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Monday, February 18, 2013    
The vastness of the heavens stretches my imagination - stuck on this carousel my eye can catch one-million-year-old light. It does no harm to the mystery to know a little about it.
  --Richard Feynman, (1918-1988)


P.128 - §1 (12:0.1)  The immensity of the far-flung creation of the Universal Father is utterly beyond the grasp of finite imagination; the enormousness of the master universe staggers the concept of even my order of being. But the mortal mind can be taught much about the plan and arrangement of the universes; you can know something of their physical organization and marvelous administration; you may learn much about the various groups of intelligent beings who inhabit the seven superuniverses of time and the central universe of eternity.


    Richard Phillips Feynman was an American theoretical physicist known for his work in the path integral formulation of quantum mechanics, the theory of quantum electrodynamics, and the physics of the superfluidity of supercooled liquid helium, as well as in particle physics (he proposed the parton model). For his contributions to the development of quantum electrodynamics, Feynman, jointly with Julian Schwinger and Sin-Itiro Tomonaga, received the Nobel Prize in Physics in 1965. He developed a widely used pictorial representation scheme for the mathematical expressions governing the behavior of subatomic particles, which later became known as Feynman diagrams. During his lifetime, Feynman became one of the best-known scientists in the world. In a 1999 poll of 130 leading physicists worldwide by the British journal Physics World he was ranked as one of the ten greatest physicists of all time.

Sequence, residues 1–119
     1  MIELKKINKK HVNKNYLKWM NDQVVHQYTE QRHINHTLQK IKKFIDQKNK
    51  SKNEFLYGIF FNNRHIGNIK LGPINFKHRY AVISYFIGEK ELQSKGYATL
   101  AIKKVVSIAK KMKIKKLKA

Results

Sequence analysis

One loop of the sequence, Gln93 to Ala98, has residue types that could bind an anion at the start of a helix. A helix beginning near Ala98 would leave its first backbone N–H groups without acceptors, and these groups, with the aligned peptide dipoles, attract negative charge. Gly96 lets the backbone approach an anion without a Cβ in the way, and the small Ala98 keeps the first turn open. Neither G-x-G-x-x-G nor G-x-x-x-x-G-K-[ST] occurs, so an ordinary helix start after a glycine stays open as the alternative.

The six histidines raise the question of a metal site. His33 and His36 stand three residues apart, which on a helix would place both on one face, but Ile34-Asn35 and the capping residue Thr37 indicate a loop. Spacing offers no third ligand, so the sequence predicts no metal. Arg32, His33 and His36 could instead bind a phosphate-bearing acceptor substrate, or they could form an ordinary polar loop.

He assisted in the development of the atomic bomb and was a member of the panel that investigated the Space Shuttle Challenger disaster. In addition to his work in theoretical physics, Feynman has been credited with pioneering the field of quantum computing, and introducing the concept of nanotechnology. He held the Richard Chace Tolman professorship in theoretical physics at the California Institute of Technology.
    Feynman was a keen popularizer of physics through both books and lectures, notably a 1959 talk on top-down nanotechnology called, There's Plenty of Room at the Bottom, and the three volume publication of his undergraduate lectures, The Feynman Lectures on Physics. Feynman also became known through his semi-autobiographical books, Surely You're Joking, Mr. Feynman! andWhat Do You Care What Other People Think?, and books written about him, such as Tuva or Bust!.

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